How Do You Spell Success?

September 29, 2018

When it comes to ministry, how do you spell success? In many occupations, the marks of success are clearer: promotions, position on the corporate ladder, or size of your bank account. When it comes to full-time labors for a church, what are the marks of success? Kent and Barbara Hughes in their book, Liberating Ministry from the Success Syndrome, tell their own struggles. Kent reached a point of depression. Ministry was filled with frustrations and few visible rewards. How do you go on year after year? In their search for answers, one of the passages that struck home was 1 Corinthians 4:1-2.

This is how one should regard us, as servants of Christ and stewards of the mysteries of God. Moreover, it is required of stewards that they be found faithful. (ESV)

How do you spell success? F–A–I–T–H–F–U–L. After their study of the Scriptures, the Hughes decided that it was not success as the world views it, but faithfulness that was the “success” ingredient for ministry. From this liberating discovery they began to strive for:

  1. To be faithful (obedient to God’s Word and hardworking)
  2. To serve God and others
  3. To love God
  4. To believe he is (to believe what we believe)
  5. To pray
  6. To pursue holiness
  7. To develop a positive attitude

Their emphasis on faithfulness helped them pursue ministry without frustration and disappointment. This emphasis on faithfulness in ministry is a help to full-time ministry, but I think it is also applicable to those very active in the ministry of the church. Ministry is often done quietly and without notice. The emphasis on faithfulness puts matters in perspective. But we can also be assured that God will not forget our ministry even if others never notice it.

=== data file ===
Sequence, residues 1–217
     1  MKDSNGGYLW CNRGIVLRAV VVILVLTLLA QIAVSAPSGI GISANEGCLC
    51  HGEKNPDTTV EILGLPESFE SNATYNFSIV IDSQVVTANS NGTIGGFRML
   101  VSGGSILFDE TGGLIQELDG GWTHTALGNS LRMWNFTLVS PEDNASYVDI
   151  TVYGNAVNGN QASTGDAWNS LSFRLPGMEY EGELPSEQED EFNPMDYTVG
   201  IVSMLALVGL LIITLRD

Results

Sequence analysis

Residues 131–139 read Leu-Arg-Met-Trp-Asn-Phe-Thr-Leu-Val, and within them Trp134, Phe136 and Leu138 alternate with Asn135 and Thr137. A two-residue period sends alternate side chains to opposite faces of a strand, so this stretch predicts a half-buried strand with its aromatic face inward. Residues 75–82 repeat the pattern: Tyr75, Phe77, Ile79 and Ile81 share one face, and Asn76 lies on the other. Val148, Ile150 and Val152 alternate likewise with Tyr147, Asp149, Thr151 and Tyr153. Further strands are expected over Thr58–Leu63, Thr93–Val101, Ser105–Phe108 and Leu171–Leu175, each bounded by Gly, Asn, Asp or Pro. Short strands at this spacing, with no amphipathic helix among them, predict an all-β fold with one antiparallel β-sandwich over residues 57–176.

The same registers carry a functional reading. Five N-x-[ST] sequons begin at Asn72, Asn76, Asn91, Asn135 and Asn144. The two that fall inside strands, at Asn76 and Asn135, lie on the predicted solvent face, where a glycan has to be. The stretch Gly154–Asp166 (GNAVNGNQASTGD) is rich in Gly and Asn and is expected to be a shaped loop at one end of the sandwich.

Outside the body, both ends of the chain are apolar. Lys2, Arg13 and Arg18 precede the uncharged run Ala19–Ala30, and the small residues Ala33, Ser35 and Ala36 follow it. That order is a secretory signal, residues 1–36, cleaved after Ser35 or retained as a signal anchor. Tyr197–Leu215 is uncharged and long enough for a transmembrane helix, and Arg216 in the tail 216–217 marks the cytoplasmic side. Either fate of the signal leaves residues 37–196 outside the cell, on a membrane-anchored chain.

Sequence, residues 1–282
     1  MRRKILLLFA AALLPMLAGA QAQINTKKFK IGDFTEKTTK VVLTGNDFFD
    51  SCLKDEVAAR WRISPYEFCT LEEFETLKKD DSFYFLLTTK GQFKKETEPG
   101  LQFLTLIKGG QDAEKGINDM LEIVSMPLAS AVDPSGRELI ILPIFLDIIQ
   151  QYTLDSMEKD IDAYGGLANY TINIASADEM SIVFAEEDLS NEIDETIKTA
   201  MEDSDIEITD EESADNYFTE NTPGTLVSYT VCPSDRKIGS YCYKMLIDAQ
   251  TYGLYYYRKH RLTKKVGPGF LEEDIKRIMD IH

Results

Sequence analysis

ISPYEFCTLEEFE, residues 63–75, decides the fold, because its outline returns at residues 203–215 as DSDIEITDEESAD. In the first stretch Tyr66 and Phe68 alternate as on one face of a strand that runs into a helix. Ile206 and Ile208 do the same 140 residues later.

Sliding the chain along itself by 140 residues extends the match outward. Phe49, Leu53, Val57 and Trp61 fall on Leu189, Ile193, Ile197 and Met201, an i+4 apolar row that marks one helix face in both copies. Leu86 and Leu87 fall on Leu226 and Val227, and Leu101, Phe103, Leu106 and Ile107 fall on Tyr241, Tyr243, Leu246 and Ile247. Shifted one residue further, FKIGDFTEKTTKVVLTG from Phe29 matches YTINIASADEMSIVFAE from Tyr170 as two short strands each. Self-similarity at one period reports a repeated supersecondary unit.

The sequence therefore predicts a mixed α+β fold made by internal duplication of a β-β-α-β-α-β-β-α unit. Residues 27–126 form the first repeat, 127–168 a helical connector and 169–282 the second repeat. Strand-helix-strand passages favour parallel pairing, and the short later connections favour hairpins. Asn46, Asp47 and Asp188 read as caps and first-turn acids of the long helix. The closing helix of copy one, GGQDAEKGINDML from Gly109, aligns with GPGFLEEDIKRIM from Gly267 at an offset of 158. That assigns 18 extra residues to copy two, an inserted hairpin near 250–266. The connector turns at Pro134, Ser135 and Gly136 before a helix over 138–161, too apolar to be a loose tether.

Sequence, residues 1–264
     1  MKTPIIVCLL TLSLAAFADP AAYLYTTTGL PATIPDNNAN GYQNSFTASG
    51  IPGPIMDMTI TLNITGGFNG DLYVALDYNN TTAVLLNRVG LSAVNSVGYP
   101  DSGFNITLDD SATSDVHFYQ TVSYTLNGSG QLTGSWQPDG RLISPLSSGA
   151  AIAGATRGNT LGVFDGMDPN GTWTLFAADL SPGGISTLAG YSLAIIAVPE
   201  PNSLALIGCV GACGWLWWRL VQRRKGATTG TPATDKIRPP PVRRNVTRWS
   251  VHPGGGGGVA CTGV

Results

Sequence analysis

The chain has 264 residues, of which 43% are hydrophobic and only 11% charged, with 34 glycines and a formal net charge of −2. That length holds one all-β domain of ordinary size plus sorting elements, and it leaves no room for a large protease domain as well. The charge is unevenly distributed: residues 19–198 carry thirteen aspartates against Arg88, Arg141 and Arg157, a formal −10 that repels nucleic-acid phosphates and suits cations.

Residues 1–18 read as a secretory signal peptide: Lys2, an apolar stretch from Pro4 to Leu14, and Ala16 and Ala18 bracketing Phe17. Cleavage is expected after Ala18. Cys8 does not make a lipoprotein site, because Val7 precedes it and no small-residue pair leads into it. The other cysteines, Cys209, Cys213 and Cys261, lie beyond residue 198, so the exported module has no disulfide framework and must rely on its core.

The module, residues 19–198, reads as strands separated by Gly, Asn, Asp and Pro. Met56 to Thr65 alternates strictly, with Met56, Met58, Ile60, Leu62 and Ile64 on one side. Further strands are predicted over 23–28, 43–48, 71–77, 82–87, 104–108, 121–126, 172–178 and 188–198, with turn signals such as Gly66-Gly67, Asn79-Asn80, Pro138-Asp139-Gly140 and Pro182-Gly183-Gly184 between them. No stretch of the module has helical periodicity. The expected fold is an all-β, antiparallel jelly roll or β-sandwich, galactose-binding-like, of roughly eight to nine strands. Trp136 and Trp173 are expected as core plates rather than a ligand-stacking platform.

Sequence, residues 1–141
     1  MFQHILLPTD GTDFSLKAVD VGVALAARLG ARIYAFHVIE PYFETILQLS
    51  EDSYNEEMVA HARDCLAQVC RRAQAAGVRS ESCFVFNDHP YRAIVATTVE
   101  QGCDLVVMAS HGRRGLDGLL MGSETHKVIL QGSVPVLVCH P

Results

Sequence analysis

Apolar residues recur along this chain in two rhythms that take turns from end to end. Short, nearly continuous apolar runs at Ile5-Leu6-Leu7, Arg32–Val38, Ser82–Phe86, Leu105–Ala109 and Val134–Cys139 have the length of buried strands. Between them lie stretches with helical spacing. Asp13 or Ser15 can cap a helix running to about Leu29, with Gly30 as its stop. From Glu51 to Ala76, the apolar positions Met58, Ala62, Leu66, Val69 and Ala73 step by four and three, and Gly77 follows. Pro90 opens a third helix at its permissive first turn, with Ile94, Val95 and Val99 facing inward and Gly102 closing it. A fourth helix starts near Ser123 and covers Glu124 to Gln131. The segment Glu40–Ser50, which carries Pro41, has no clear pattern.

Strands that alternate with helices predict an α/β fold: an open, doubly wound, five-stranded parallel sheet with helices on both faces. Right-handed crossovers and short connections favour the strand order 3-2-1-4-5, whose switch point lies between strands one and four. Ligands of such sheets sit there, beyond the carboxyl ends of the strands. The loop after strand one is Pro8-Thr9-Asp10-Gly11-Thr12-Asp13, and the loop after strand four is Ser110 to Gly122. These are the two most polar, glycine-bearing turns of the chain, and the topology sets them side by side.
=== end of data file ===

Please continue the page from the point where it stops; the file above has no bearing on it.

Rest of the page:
So also good works are conspicuous, and even those that are not cannot remain hidden. (1 Timothy 5:25, ESV)

Freeing ourselves from the success syndrome is not always easy. Some who try to serve become broken tools in the Master’s hand because they have desired the limelight. Others are tempered by the trials: the lesson of faithfulness is learned, and lives are blessed. Success for servants is spelled F-A-I-T-H-F-U-L.

Not by Compromise

February 3, 2017

David Haskell notes that the mainline, liberal denominations in the US are shrinking by one million members per year. Twenty years ago, John Shelby Spong had attempted to address this decline in a book entitled Why Christianity Must Change. Spong is a bishop in the Episcopal Church. His title reflects the argument of his book. Spong no longer believes in theism, virgin birth, the resurrection of Jesus or that there is any external objective standard to govern behavior for all times. He argued that Christianity must change its beliefs. His book was praised by liberal clergy at the time of publication, but twenty years later the decline continues.

Haskell himself was involved in a five-year study of churches in Canada. The results of this study concluded that liberal churches are declining and conservative churches are growing. And more importantly they found: “Conservative Protestant theology, with its more literal view of the Bible, is a significant predictor of church growth, while liberal theology leads to decline.”

To help us understand the difference between conservative and liberal beliefs found in this study, Haskell gives examples.

Believe in a bodily resurrection of Jesus and an empty tomb.
93% of conservative ministers
83% of conservative worshipers

56% of liberal ministers
67% of liberal worshipers

In addition, conservatives took seriously Jesus’ command to make disciples, while liberals tended to think it was culturally insensitive to share their faith outside their own faith group.1

Admittedly there is concern when we see those in the atheist, agnostic or disconnected category grow from 16.1 percent in 2007 to 22.8 percent in 2014 in the US according to a Pew Research Center poll. Much hand wringing is going to occur and ill-advised solutions proposed. I am convinced that the path to growth will always involve going back to the Bible and teaching what it says with faithfulness.

We are going to face a situation much closer to what the first century church faced. The Christian message must go into the marketplace of competing worldviews and effectively communicate our message. I believe Christianity is rational, has sufficient evidence, and provides the best explanation for human existence. But we may not be able to begin our conversations with people assuming a common background in the Bible as Christians did in the 1950s. Communicating the faith may be more difficult, but it still can be done. The first century church proves it can be done.

Growth will not come by changing our message. The growth we seek is not by compromise.